Over 40% of drownings on Mar Menor due to the high age of bathers

the Ministry of Health will create a mobile application to geolocalize defibrillators throughout the region

Over two in every five deaths that occur as a result of drowning on the Mar Menor are caused by accidents, carelessness or negligence and not because of medical reasons according to results of the first study that has been carried out at a national level to determine the causes of the deaths in the water.

The results were presented by Murcia’s Minister of Health, Manuel Villegas, along with senior cardiologist of the Virgen de la Arrixaca Clinic Hospital, Juan Ramón Gimeno, and the Cartagena coroner Almudena Simon.

The Ministry of Health has led this study, which was compiled by professionals from the emergency medical units (EMU) outside the hospital, the institutes of Forensic Medicine of Cartagena and Murcia and the Cardiology Service of the Arrixaca.

“Despite the improved measures of communication on local beaches as well as better staffing and rescue equipment, the number of deaths are still too high,” explained Villegas, “hence the need for this study. Drowning, technically known as a water immersion syndrome, is an important cause of death, with 430 cases recorded so far in Spain this year.”

In 2017, 46 people aged between 2 to 85 years were treated in the Region of Murcia, mainly in the summer season, with death in 35 percent of cases.

41 percent of the drownings occurred in the Mediterranean, 41 percent in the Mar Menor and 18 percent in freshwater.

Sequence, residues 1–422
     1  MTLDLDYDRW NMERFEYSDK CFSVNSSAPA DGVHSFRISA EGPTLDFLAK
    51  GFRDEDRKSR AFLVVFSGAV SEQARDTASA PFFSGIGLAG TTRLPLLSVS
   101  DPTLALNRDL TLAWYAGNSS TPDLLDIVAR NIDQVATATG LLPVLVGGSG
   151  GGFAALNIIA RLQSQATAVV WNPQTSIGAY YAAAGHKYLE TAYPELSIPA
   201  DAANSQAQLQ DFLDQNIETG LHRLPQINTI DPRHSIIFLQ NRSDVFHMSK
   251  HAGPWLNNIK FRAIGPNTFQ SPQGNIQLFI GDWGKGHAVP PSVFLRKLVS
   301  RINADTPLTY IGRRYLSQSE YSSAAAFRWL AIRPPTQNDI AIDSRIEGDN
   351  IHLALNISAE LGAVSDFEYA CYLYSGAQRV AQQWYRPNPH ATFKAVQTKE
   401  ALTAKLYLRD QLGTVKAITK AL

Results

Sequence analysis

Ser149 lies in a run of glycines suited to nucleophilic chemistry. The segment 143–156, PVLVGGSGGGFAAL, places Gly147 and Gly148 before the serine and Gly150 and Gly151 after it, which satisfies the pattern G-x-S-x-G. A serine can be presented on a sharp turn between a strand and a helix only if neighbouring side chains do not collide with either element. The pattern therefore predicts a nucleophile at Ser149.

In 63.2 percent of cases, a secondary cause leading to a loss of consciousness and drowning was identified. Among them the most frequent were cardiac related with 26.3 percent and epilepsy, 13.2 percent.

Secondary causes were proportionally more frequent in older people.  As such the average age of people with immersion syndrome due to these causes was 66 years compared to the average 43-year-old who suffered immersion syndrome due to accidents or carelessness.

In addition, the people who died were older, with an average age of 70 years. Villegas stressed the need for “these people to take special care and not to bathe themselves or to do so in areas where they stand.”

He said that it is essential that more people are trained cardiopulmonary resuscitation manoeuvres since the time is very important for a person who is unconscious and has stopped breathing, with permanent brain injury occurring after only 4 minutes without oxygen and death 4 to 6 minutes later.

For this reason, the counsellor announced that the Ministry of Health will create a mobile application to geolocalize defibrillators throughout the region, so that they can be accessed quickly, increasing the chance of survival of the affected.


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